Well, you can either abandon the idea of using other systems to make your case, or you can pretend those systems are different than they really are. I’d rather people do the former, but many do the latter. They hold up Switzerland as if it proves something it doesn’t.

    If you want to say Switzerland proves you don’t need Medicare and Medicaid to get everyone covered, so be it. That’s Wyden-Bennett. But you can’t say Switzerland shows we can do it without community ratings, without mandates, without more regulation, and without generous subsidies – because that’s how Switzerland gets it done.

    That’s my issue. Nothing more.

    @aaronecarroll

    Share
    Comments closed
     
    • Singapore has price controls and government subsidies (i.e. the govt subsidizes the providers directly) for a lot of care. So, even there, there are things conservatives should be wary of.

      I know this because I was born there.

      IIRC Tyler Cowen is aware of these aspects of both the Swiss and Singaporean systems and still endorses/can live with them.

      • Thanks for the additions.

        Let me reiterate that there are aspects of these health care systems that are worthy of discussion. I just want them portrayed accurately!

    • Brad’s link to the HA interview with Zeltner, the Swiss Sec of Health for 19 years is excellent on this topic. Will repost link. Would be nice to find an ungated version. I am very disappointed in the response on the public option. I had always thought that Roy was at least honest even if I disagreed with him often.

      http://content.healthaffairs.org/content/29/8/1442.full

      Steve

    • Holtz-Eakin’s and Roy’s sketchy notions for replacing community rating would seem to require huge taxpayer subsidies for elderly people to buy health insurance. So maybe they would prefer that the subsidy not be called “Medicare.”

      But I’m not an economist. So maybe I’m missing something.

    • The most disingenuous part of Holtz-Eakin’s and Roy’s ‘rebuttal ‘ to their critics was their claim that they only care about limiting public health care expenditures, not private health care expenditures. (Quote: “Conservatives are particularly concerned about the growth in government health spending, because we are committed to ensuring that America remains solvent.”)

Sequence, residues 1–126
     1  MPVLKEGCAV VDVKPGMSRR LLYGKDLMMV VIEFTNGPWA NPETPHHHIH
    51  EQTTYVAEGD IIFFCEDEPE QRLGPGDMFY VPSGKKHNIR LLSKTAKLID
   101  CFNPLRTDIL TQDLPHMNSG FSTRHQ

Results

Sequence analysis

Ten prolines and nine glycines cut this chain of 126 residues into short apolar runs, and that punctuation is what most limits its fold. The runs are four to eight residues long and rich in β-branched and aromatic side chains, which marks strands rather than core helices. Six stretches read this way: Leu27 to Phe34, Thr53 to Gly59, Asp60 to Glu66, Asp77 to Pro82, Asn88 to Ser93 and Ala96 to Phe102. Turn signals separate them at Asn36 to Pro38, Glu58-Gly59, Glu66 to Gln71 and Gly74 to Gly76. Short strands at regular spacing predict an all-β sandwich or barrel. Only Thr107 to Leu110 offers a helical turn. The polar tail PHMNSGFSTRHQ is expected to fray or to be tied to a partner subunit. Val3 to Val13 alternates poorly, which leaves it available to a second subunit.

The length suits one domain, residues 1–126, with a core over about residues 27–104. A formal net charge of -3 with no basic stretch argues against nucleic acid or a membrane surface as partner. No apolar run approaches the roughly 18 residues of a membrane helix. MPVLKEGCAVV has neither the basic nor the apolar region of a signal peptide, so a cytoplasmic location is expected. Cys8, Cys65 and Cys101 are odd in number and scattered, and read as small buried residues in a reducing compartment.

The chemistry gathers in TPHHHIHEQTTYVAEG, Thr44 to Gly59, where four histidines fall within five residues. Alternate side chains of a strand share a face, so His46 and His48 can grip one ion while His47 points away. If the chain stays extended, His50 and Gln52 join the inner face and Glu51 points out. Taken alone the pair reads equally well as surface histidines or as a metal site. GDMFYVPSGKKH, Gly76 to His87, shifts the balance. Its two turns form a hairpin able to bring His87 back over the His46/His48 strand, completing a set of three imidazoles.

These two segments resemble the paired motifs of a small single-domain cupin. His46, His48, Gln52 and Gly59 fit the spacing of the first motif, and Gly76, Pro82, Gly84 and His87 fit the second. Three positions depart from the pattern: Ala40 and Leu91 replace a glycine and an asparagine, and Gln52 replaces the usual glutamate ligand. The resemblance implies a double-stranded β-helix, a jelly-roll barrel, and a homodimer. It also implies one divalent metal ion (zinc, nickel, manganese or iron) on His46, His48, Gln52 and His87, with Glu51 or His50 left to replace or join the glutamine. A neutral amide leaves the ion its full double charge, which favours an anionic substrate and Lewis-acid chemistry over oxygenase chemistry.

But, as Krugman points out in the very blog post that they lambaste, the public/private difference in health care spending is largely an accounting fiction, since the government can accomplish similar ends with mandates or tax credits or subsidies. (And doesn’t a new tax credit affect government solvency as much as a public expenditure?) Surely Holtz-Eakin and Roy understand that, given their goal of universal health insurance, it is total health care expenditures that matters, not some arbitrary public/private split. If they don’t understand this, then they have no business being taken seriously by anybody.

    • Etymology is the last ditch refuge for the sly logical fallacy.

      I’m no health wonk, I’m just an “average person” – and I knew what “public option” means.

      If Medicare & Medicaid were public options, I’d be allowed to buy into them, wouldn’t I?
      I happen to know I can’t.
      You have to qualify for them.

      Also, non-profit insurance companies are not public options, as they can set their requirements & premiums at will, and totally refuse people, can’t they?